What is dialysis?
When the kidneys are not functioning properly, dialysis does the job of filtering toxins and harmful waste products from the blood instead. Dialysis does not make the kidneys work again. It usually involves being connected to a machine that cleans the blood before returning it to the body. Dialysis is necessary until a transplant can be performed. For some people who are not suitable for transplants, dialysis remains the long-term treatment option for them.
There are two main methods of dialysis known as’ haemodialysis’ and ‘peritoneal dialysis’:
This is the most common type of dialysis. A tube is attached to a needle in the arm. Blood flows out from the body through the tube into a machine where it is filtered before being returned to the body. This takes about 4 hours and is usually required 3 times a week. Before the first dialysis treatment starts, a minor surgery is required to join together two types of blood vessel – this is known as an arteriovenous fistula. This is done to strengthen the vessel and make the dialysis easier to perform.
- Peritoneal dialysis
This method does not use an external machine, but instead uses the lining of the abdomen (the peritoneum) to filter waste from the thousands of tiny blood vessels around it. Before this treatment starts, a minor surgery is needed to insert a small tube called a catheter into the abdomen, near the belly button. Dialysis fluid is then pumped into the body through the catheter. As blood flows through the vessels in the peritoneum, waste products and toxins are drawn out of the blood into this fluid. The used fluid is collected in a bag and replaced with fresh fluid. This can be done overnight while the patient sleeps, or can be repeated 4 times during the day.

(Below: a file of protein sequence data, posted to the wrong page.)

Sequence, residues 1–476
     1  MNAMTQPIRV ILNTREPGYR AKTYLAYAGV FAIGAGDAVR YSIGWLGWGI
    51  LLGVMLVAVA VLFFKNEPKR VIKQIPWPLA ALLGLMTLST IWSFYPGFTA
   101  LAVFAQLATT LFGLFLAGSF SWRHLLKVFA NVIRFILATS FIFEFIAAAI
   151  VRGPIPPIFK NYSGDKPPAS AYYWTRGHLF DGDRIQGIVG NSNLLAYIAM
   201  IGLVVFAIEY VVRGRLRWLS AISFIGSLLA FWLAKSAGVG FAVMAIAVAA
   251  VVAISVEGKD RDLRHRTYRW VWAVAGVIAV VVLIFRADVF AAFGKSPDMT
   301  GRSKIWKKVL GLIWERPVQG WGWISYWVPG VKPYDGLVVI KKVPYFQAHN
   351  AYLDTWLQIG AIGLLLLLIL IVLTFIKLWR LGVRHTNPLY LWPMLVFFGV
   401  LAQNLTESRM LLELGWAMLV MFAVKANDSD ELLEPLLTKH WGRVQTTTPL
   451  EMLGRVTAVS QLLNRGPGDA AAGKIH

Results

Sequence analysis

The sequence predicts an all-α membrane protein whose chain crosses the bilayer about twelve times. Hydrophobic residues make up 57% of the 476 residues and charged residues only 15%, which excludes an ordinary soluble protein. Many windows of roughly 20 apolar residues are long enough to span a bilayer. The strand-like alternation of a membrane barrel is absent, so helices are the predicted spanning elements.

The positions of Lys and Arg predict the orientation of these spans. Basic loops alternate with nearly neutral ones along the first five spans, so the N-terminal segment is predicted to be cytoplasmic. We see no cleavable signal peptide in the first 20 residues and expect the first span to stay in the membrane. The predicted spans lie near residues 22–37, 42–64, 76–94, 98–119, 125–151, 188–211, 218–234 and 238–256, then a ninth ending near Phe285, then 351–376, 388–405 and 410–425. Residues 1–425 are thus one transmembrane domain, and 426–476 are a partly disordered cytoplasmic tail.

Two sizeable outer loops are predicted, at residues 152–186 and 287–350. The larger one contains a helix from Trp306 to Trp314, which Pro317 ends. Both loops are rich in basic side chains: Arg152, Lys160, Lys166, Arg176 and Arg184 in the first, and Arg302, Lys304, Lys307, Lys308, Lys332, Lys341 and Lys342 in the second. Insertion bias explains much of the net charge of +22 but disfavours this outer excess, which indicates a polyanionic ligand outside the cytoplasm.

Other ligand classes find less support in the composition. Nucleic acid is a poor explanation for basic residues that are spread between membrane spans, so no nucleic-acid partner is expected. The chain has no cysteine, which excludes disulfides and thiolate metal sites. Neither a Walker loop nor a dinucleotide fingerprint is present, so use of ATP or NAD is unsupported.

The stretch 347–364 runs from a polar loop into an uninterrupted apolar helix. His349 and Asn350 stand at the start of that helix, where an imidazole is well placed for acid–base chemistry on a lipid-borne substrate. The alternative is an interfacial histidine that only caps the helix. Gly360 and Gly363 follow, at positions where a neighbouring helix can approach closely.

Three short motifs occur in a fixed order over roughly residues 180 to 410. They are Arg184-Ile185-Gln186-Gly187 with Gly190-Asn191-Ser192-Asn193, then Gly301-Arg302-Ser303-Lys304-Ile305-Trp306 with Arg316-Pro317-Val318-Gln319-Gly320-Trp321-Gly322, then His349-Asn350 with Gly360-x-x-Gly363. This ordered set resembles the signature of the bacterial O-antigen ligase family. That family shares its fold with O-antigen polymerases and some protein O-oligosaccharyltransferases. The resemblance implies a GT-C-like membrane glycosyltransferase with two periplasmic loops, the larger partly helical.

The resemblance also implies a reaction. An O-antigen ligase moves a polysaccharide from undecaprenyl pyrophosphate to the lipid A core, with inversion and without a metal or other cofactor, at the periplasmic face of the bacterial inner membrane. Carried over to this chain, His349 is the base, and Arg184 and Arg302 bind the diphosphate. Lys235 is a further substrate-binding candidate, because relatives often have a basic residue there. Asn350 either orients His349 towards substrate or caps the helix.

What we offer
Here at the Royal Free Hospital Private Patients Unit (PPU), we are proud to offer access to leading specialists in renal medicine who work within an experienced multidisciplinary team. We are dedicated to delivering the highest standards of care to our patients. We offer access to a wide range of expertise for the management of CKD and related conditions. We also have a fully-equipped, 6-chair dialysis unit.
Our dedicated renal medicine team are experts in their field and have many years of experience treating kidney failure at the leading kidney units within the UK. Our consultant team have a range of specialist interests, including kidney transplantation, managing critical illness, chronic renal failure and kidney problems in pregnancy.
We are committed to reinvesting all the profits from our private services directly back into NHS services. We deliver the professional excellence you would expect from a top London NHS teaching hospital with the convenience, comfort and personalised attention of a private hospital.
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